MR. BOUCHER: No. It's really done -- and I think every time we've done this, somewhere into an investigation, we're always asked, "Why not last week? Why not next week?" And the answer is it's really done in conjunction with the investigators at the time, at a time that they believe it most useful.

The general reward is in fact available if somebody had called us a month and a half ago and had been able to say, "I know who kidnapped Danny Pearl," we would have been able to offer a reward as a general matter. But advertising in a specific case is usually done in conjunction with the investigators.

QUESTION: I'd like to stay on the subject of the overseas campaign for a moment. You said that you acknowledged there are some connections that have not been made yet. Does that mean that the efforts that have been put out there so far are being reviewed, the more present, visible presence of US State Department officials in interviews and things like that? I mean, that was a real push. Has that not worked? Or do you just think it's too early to tell whether these will be effective in the long term? And if you could, even if you don't have it today, could you update us on whether there are TV commercials still in the works? We've heard inklings of this for months and months, and not seen any of the materials come out yet. Of the overseas campaign.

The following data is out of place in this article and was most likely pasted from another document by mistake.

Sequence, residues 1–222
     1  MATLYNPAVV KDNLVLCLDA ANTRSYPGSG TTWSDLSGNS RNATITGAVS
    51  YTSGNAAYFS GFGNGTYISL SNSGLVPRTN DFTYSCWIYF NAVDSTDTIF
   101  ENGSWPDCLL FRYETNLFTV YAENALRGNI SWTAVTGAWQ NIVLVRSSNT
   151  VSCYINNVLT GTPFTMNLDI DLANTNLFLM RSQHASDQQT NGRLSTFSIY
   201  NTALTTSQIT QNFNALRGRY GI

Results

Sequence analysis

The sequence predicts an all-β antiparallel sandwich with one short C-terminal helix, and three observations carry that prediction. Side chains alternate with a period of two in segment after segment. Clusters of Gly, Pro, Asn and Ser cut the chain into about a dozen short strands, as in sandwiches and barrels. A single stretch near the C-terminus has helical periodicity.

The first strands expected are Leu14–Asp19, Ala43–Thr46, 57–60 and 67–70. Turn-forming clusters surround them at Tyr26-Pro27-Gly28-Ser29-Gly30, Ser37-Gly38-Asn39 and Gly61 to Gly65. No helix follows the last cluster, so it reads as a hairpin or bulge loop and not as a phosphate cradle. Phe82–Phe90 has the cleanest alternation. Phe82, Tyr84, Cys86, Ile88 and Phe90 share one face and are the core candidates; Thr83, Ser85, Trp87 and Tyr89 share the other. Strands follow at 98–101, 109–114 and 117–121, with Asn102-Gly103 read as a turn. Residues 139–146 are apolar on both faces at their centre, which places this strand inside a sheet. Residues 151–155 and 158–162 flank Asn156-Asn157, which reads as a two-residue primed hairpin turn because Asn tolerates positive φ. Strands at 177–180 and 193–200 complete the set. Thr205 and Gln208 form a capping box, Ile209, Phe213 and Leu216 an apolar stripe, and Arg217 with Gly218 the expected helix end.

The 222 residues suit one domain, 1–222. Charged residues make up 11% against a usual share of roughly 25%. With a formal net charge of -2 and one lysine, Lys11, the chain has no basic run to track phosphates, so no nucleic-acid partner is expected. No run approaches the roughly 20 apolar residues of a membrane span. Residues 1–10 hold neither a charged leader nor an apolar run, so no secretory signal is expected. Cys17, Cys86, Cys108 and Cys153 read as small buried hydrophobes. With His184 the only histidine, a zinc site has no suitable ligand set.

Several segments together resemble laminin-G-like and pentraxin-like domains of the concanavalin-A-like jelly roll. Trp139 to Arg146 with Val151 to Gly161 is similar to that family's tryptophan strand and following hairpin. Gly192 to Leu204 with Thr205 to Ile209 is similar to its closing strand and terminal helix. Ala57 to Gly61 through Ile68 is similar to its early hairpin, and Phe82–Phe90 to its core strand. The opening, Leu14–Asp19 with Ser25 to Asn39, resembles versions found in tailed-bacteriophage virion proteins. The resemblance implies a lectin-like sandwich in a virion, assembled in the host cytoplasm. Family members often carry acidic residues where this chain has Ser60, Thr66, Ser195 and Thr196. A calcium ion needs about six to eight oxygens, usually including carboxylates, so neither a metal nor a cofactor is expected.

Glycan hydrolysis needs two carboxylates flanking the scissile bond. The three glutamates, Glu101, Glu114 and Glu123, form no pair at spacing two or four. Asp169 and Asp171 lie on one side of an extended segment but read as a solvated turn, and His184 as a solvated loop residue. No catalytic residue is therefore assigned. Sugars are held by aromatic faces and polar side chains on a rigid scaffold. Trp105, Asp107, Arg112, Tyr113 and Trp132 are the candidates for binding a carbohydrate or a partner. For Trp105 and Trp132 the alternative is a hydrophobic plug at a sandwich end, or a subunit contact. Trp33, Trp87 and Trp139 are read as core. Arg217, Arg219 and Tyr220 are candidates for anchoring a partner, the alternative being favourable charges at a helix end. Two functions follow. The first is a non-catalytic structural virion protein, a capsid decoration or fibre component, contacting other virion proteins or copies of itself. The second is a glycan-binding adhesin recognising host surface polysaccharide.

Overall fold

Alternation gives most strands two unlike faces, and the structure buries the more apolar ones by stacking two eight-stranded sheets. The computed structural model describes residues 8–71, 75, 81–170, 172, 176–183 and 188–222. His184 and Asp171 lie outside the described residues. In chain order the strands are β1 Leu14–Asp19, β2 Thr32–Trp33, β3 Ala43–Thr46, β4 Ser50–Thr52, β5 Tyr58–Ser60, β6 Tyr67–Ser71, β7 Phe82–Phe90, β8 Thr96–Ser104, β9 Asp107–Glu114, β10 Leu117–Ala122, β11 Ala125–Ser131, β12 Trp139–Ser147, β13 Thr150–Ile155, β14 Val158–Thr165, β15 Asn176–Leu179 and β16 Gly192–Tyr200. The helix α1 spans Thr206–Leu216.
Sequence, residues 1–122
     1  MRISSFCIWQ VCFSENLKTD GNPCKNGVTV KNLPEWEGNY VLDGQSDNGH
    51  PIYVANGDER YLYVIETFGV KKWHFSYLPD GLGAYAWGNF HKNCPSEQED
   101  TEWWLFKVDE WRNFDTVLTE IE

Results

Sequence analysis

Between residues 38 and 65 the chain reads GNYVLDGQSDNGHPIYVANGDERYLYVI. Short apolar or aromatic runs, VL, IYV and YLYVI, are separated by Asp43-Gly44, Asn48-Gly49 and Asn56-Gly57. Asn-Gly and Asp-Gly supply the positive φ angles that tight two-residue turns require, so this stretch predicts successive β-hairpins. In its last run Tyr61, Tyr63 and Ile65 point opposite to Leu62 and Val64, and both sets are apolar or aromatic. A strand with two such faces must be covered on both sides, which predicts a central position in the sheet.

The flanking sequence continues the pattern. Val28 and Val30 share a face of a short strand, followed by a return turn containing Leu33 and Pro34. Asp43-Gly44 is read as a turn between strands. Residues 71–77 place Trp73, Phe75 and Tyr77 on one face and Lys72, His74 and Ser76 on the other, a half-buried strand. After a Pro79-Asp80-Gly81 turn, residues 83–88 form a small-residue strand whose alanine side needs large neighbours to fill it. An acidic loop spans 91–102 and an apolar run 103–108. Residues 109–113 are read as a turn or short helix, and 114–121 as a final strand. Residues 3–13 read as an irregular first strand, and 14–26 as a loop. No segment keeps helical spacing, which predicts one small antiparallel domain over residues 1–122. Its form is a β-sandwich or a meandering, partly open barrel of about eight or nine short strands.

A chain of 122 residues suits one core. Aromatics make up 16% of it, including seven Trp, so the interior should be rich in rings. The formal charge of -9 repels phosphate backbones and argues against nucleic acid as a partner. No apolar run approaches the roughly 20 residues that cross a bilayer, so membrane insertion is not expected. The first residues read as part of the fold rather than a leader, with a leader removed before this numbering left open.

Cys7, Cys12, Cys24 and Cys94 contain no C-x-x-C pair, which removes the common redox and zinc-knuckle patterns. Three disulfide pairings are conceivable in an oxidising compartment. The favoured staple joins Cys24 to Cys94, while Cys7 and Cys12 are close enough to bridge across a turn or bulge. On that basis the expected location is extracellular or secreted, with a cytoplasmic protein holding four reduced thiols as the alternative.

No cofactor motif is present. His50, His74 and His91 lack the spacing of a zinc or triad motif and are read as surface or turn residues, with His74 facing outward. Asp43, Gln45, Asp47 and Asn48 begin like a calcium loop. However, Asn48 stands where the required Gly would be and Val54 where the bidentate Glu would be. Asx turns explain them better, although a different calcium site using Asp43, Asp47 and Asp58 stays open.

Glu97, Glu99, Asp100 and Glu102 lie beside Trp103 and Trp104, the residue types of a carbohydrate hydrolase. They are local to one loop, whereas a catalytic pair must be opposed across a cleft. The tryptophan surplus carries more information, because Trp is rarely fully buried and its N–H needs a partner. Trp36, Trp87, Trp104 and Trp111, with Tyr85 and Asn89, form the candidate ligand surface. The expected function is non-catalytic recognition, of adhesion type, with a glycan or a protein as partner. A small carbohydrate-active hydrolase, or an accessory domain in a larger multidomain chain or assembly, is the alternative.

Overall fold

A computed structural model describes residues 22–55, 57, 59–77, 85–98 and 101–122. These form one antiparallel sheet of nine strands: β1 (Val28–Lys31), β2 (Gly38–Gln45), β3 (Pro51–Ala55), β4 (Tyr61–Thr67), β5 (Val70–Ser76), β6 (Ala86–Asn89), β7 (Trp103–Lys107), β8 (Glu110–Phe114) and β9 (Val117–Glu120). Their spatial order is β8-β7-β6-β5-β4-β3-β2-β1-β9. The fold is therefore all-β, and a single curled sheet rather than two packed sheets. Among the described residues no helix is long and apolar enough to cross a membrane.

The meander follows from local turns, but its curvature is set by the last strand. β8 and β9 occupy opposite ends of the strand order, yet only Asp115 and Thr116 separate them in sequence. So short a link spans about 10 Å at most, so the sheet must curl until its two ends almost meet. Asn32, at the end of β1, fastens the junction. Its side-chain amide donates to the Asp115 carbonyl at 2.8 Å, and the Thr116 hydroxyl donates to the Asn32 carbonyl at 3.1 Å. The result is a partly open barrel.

MR. BOUCHER: Let's not take a short-term attitude on this. These attitudes that have built up overseas have built up over many years. Sometimes over a period of time where, frankly, we decreased a lot of the programs we had overseas.